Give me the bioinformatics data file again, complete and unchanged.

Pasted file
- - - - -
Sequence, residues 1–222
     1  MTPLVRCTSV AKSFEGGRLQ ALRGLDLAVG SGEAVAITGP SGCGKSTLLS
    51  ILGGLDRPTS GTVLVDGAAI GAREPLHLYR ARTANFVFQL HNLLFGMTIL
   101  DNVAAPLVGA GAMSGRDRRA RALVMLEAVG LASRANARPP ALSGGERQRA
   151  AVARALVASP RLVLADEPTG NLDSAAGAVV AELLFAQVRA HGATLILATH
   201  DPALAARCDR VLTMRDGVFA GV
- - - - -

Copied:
Sequence, residues 1–222
     1  MTPLVRCTSV AKSFEGGRLQ ALRGLDLAVG SGEAVAITGP SGCGKSTLLS
    51  ILGGLDRPTS GTVLVDGAAI GAREPLHLYR ARTANFVFQL HNLLFGMTIL
   101  DNVAAPLVGA GAMSGRDRRA RALVMLEAVG LASRANARPP ALSGGERQRA
   151  AVARALVASP RLVLADEPTG NLDSAAGAVV AELLFAQVRA HGATLILATH
   201  DPALAARCDR VLTMRDGVFA GV